FIGURE 7-5 Father’s probability of ceasing to live with his child before the age of 6.

SOURCE: Kaplan et al. (2002). Reprinted with permission of Wiley-Liss, Inc., a subsidiary of John Wiley & Sons, Inc.

the percentage of children who cease to live with him before age 6 rises from about 5 percent for children born before 1960 to 23 percent for children born in the 1980 cohort. Among children whose father has a graduate degree, the percentage of children who cease to live with him before age 6 did not change significantly during this period and remains between 5 and 8 percent.

On the high end of the education continuum, both men and women delay marriage and delay the onset of childbearing after marriage until they are confident about their readiness to have children. After childbearing, their marriages are more stable, and their children are more likely to attend college and receive parental support to do so. The major cost of this strategy is that the delay can result in lower total fertility than desired because of age-related changes in fecundity (Kaplan et al., 2002).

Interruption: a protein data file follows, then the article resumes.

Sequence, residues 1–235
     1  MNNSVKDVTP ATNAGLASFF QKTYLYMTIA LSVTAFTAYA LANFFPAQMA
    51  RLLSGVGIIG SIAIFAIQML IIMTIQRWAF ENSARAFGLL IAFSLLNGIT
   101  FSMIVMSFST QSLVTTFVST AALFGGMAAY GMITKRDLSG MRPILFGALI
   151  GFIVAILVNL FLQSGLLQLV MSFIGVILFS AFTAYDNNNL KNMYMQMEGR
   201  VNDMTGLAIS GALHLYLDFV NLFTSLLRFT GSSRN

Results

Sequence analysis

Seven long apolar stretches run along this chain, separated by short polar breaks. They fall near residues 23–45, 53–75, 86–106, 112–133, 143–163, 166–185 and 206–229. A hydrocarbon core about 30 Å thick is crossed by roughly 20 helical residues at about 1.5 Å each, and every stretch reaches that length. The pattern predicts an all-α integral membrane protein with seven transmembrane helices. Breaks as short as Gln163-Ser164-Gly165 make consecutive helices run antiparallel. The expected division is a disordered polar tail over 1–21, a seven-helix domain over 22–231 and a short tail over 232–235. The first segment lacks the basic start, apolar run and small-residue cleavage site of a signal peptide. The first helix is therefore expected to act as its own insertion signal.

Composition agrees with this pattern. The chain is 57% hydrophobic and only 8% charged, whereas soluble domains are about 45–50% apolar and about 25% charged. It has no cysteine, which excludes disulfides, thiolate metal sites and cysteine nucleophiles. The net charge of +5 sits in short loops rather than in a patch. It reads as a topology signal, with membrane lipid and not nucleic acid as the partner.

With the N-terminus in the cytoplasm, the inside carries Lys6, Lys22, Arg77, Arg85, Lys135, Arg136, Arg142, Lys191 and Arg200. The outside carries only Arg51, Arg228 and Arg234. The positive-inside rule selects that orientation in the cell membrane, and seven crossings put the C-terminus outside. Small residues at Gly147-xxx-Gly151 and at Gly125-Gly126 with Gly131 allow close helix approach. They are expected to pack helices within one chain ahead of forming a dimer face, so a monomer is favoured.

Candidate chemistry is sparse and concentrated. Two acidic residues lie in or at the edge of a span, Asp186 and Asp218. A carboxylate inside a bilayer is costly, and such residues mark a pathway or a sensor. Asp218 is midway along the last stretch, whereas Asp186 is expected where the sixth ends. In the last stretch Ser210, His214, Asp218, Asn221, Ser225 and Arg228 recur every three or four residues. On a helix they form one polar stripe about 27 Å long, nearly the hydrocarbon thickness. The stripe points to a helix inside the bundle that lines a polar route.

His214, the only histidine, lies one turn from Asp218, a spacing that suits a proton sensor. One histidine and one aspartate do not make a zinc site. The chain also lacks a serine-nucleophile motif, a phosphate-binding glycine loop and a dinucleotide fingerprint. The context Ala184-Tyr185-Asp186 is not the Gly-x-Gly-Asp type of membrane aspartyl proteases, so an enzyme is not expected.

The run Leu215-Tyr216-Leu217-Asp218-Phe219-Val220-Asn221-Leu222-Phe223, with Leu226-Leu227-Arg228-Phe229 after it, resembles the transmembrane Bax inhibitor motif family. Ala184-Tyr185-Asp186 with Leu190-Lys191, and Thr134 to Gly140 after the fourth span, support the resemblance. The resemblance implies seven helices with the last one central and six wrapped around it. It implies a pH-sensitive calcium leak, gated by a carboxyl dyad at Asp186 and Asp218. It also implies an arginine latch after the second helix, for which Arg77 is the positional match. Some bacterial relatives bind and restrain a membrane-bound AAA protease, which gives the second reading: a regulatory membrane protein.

We propose that a third factor comes into play at the low end of the education continuum. It has been pointed out that men who are less educated have higher mortality rates and greater rates of incarceration (Geronimus et al., 1999; Willis, 1987, 1994). This tends to make sex ratios female biased and promotes single parenthood. Additionally, periods of unemployment are likely to be interspersed with periods of employment,

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